CFDs are complex instruments and come with a high risk of losing money rapidly due to leverage. 75% of retail investor accounts lose money when trading CFDs with this provider. You should consider whether you understand how CFDs work and whether you can afford to take the high risk of losing your money.
US English

FTX fallout: SBF “regrets bankruptcy” and says he “f**ked up. Big. Multiple times”

By Capital.com News

11:08, 17 November 2022

Sam Bankman-Fried
SBF during the House Financial Services Committee on digital assets, December 8, 2021. – Photo: Getty Images

FTX founder Sam Bankman-Fried says he regrets filing his crypto empire for bankruptcy – just four days after starting the proceedings.

The comments by the 30-year-old former poster boy of the crypto world came in a bizarre Twitter exchange with a VOX reporter, later published by the website.

The cryptocurrency exchange platform FTX and its sister firm Alameda Research started Chapter 11 proceedings last Friday after FTX couldn’t keep up with client exodus. Bankman-Fried also stepped down as FTX CEO at the time. 

But Bankman-Fried – known by crypto followers as ‘SBF’ – now says that if he had kept trying to fundraise instead, “withdrawals would be opening up in a month with customers fully whole”.

“You know what was maybe my biggest single fuck up?” the entrepreneur asked Vox reporter, Kelsey Piper. “Chapter 11,” he wrote and claimed that had FTX/Alameda not declared bankruptcy “everything would be 70% fixed right now.”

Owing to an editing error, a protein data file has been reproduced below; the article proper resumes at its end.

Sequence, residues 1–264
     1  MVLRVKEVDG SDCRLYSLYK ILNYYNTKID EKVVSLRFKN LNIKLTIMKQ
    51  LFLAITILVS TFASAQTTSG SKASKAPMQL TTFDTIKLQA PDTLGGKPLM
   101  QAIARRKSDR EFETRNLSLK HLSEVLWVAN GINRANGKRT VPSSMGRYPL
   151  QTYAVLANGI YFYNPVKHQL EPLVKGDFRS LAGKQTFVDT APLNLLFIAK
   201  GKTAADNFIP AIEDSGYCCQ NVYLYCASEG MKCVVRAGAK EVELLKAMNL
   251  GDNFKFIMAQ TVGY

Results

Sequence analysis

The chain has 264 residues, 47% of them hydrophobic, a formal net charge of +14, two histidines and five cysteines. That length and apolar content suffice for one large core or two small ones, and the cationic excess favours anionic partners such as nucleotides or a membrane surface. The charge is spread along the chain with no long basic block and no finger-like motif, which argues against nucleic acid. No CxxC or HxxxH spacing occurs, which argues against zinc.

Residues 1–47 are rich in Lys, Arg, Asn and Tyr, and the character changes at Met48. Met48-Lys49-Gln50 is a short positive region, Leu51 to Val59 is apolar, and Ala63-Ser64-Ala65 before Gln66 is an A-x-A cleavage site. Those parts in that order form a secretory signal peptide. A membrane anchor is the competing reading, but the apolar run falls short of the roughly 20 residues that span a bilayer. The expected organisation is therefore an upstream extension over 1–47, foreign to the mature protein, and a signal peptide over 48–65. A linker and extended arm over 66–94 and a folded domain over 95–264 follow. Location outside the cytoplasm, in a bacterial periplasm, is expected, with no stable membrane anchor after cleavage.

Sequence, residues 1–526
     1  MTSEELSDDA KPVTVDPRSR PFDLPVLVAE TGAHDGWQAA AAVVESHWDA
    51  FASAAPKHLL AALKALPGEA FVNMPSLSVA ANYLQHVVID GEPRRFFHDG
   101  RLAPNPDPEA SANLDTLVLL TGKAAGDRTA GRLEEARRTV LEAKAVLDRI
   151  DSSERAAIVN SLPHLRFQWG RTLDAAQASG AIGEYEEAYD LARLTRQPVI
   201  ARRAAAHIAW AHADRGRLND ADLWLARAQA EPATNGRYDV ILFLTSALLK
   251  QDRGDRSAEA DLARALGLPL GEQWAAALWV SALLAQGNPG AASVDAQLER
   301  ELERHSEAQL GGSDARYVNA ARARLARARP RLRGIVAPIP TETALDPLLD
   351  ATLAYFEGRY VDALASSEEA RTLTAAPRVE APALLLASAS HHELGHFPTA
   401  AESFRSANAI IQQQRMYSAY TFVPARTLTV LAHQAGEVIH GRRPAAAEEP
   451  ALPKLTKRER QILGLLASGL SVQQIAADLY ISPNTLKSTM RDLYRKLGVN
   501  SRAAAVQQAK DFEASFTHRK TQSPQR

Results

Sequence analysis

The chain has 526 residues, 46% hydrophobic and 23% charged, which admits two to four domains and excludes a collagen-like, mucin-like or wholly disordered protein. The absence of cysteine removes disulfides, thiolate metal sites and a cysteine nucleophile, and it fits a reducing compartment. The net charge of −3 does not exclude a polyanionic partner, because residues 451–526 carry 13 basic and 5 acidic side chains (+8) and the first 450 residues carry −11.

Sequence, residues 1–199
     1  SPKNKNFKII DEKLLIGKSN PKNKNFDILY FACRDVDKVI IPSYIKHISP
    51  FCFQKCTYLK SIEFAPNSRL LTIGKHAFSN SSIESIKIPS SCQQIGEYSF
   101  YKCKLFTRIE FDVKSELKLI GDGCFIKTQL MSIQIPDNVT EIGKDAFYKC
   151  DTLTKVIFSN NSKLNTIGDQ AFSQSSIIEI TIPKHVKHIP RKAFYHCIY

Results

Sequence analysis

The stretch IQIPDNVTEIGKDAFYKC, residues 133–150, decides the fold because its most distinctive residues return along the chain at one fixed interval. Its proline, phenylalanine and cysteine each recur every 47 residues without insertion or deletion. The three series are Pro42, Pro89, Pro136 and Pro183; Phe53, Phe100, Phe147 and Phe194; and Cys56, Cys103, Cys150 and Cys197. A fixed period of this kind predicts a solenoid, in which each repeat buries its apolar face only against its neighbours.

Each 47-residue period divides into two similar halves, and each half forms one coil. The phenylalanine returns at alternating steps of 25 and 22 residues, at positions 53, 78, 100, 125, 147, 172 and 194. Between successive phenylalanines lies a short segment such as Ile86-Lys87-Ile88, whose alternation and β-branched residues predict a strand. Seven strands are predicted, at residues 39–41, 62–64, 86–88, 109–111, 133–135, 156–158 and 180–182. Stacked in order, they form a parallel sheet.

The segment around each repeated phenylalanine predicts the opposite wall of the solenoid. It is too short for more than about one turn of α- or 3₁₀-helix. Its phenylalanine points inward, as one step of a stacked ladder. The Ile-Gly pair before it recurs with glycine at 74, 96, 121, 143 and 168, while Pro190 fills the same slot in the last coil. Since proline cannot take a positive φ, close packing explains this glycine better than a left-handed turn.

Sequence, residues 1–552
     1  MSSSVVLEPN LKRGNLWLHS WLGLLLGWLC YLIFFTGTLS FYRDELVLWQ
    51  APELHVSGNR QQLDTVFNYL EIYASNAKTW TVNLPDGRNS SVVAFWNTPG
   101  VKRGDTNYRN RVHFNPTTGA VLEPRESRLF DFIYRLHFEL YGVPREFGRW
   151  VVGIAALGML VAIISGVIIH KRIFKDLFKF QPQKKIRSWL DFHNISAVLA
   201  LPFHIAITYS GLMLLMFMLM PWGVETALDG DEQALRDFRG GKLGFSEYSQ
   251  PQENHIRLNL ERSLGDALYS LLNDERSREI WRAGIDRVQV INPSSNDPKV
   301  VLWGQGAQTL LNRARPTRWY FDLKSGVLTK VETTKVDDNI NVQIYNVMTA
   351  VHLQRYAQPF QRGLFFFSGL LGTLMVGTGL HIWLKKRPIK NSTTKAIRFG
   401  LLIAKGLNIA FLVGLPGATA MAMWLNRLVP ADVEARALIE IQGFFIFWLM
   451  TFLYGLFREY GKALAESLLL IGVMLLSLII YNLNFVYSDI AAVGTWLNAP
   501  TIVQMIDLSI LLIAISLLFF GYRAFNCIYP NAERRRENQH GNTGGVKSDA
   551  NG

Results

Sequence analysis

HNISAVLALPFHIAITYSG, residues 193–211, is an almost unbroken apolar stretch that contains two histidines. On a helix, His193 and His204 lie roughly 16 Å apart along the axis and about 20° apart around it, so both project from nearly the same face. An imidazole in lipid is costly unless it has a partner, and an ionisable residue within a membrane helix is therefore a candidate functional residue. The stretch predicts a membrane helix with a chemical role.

What is your sentiment on BTC/USD?

67660.40
Bullish
or
Bearish
Vote to see Traders sentiment!

FTX token (FTT) to US dollar

FTX CEO: SBF does not speak on FTX/Alameda’s behalf

But new FTX chief executive John Ray quickly sought to distance the company from Bankman-Fried’s comments, in which the FTX founder, currently under investigation by both the Securities and Exchange Commission (SEC) and the Department of Justice, also wrote “Fuck regulators”. FTX also dismissed his previous statements about crypto needing more regulation as just “PR”. 

Ray, a bankruptcy lawyer who oversaw the recovery of billions of dollars from defunct energy trading firm Enron, who was appointed to over as CEO at FTX last Friday, said in a statement: “Mr Bankman-Fried has no ongoing role at FTX, FTX US, or Alameda Research Ltd. and does not speak on their behalf.”

‘Complete failure of corporate controls’

SBF maintained during the interview that FTX never transferred their client deposits to Alameda. When pressed as to whether the firm was lending out customer funds, he said: “It wasn’t quite lending them out – it was messier and more organic than that; each step was in isolation rational and reasonable, and then when I finally added it all up last week, it wasn’t”.

DOGE/USD

0.14 Price
+7.850% 1D Chg, %
Long position overnight fee -0.0753%
Short position overnight fee 0.0069%
Overnight fee time 21:00 (UTC)
Spread 0.0012872

XRP/USD

0.60 Price
+3.710% 1D Chg, %
Long position overnight fee -0.0753%
Short position overnight fee 0.0069%
Overnight fee time 21:00 (UTC)
Spread 0.01168

SOL/USD

175.25 Price
+2.780% 1D Chg, %
Long position overnight fee -0.0753%
Short position overnight fee 0.0069%
Overnight fee time 21:00 (UTC)
Spread 2.2652

BTC/USD

67,660.40 Price
+0.870% 1D Chg, %
Long position overnight fee -0.0616%